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Business Rates Change for the better?

The Chancellor may have introduced a number of headline grabbing changes in March’s budget to advance the credentials of being small business friendly. However, other fundamental changes  to the Business Rate appeal system have been published by Government and included in the Enterprise Bill.

Whilst ratepayers are generally aware of the forthcoming national revaluation effective 1 April 2017 and the fact that their draft rating assessments are to be published online from October the proposed new 3 stage appeal process has received remarkably few column inches.

If implemented, existing proposals state that ratepayers wishing to check and challenge the rateable value for their premises will be required not only to propose an alternative value to the Valuation Office Agency at the challenge stage but also provide all rental evidence, argument and supporting case law for that valuation at the outset.

Whilst the theory is that a majority of appeals will be resolved at this stage, ratepayers will be more likely to require both professional representation and particularly local expertise to meet statutory requirements, substantiate their case and confirm the relevant evidence to support the appeal.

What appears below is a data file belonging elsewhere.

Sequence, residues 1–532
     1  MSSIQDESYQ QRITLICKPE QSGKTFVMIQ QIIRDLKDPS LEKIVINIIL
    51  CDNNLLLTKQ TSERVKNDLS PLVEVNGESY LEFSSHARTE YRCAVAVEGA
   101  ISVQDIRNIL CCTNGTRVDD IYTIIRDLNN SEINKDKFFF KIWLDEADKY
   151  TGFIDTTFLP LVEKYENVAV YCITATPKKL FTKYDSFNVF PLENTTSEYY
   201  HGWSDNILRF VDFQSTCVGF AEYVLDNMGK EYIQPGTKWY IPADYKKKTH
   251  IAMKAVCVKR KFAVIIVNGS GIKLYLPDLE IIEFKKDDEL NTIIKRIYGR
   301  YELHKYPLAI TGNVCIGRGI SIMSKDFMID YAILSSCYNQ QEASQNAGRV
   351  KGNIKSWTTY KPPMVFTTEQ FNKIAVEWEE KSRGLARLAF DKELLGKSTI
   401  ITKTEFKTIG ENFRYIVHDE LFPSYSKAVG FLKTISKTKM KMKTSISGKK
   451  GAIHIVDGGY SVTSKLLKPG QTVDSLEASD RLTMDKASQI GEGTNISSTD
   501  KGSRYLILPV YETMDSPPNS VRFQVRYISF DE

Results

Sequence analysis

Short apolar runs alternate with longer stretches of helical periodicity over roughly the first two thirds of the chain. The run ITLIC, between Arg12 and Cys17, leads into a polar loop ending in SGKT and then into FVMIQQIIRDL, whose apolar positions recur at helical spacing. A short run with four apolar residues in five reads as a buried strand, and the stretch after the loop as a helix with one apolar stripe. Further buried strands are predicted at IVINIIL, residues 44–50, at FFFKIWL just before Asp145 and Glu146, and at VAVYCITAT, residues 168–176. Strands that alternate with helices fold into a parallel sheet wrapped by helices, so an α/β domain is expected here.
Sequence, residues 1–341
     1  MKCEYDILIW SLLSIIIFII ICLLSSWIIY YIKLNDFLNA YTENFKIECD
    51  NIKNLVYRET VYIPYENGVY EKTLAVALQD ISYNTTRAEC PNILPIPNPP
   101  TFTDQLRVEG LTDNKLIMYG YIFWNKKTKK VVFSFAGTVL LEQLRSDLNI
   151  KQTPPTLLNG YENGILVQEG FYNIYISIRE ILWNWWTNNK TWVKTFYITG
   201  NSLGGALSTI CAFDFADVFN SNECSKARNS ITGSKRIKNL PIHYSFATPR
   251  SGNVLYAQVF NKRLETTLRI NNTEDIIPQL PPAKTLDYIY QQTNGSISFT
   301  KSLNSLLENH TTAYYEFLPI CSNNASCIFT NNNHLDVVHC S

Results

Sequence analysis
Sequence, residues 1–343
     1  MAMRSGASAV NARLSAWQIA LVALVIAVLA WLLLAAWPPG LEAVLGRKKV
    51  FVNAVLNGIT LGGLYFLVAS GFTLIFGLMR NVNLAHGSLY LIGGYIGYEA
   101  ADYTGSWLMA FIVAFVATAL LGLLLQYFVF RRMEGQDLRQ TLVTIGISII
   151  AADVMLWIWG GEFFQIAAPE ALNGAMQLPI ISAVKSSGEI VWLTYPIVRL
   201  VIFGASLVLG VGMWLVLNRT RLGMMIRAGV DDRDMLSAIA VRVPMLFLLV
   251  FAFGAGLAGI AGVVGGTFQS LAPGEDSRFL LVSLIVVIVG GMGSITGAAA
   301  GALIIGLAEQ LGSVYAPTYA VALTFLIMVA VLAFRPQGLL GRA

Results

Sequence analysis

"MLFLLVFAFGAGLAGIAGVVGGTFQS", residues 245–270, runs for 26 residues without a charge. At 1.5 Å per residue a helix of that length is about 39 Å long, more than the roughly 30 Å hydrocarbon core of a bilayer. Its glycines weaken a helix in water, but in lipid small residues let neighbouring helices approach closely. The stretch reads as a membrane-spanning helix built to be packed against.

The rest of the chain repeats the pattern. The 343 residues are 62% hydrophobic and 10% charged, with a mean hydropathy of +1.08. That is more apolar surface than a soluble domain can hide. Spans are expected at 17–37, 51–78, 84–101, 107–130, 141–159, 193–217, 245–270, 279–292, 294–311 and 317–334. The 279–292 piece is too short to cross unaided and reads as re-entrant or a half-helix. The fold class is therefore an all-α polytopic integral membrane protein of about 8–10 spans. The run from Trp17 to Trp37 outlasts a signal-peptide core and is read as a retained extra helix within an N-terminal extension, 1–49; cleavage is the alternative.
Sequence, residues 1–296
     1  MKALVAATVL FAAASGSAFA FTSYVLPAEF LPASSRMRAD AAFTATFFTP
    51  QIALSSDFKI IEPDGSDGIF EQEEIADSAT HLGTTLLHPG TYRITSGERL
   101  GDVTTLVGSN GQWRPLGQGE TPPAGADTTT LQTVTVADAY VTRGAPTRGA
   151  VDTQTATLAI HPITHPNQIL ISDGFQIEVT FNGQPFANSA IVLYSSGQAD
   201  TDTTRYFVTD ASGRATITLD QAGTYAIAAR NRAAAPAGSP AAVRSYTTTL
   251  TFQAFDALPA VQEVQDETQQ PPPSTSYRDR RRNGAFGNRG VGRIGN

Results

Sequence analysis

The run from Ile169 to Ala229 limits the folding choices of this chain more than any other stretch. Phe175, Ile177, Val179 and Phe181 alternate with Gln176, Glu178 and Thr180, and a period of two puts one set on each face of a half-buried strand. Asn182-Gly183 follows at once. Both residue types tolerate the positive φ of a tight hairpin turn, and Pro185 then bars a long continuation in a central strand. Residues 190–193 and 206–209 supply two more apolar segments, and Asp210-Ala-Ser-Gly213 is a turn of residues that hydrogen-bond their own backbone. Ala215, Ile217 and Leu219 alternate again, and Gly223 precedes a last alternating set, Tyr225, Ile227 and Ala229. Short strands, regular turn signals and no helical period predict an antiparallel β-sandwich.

If the challenge stage does not produce a resolution, the third stage is the ‘appeal’ which will be a hearing before the Valuation Tribunal for England. This can occur if the ratepayer disagrees with a decision notice at the ‘challenge’ stage, or if the appeal has spent over 18 months at the ‘challenge’ stage.

The Government proposes to restrict the introduction of substantial new evidence at this stage by either party to the appeal, save at the mutual agreement of the parties, which may be prejudicial to rate payers.  Significantly the Government also proposes to introduce fees for the appeal stage which is not a feature of the present system.

Whilst the proposals may have the benefit of preventing spurious appeals, it would appear that the process from a ratepayers perspective may become both more onerous and expensive than is presently the case.

 

P.A. Dickins Bsc (Hons) MRICS.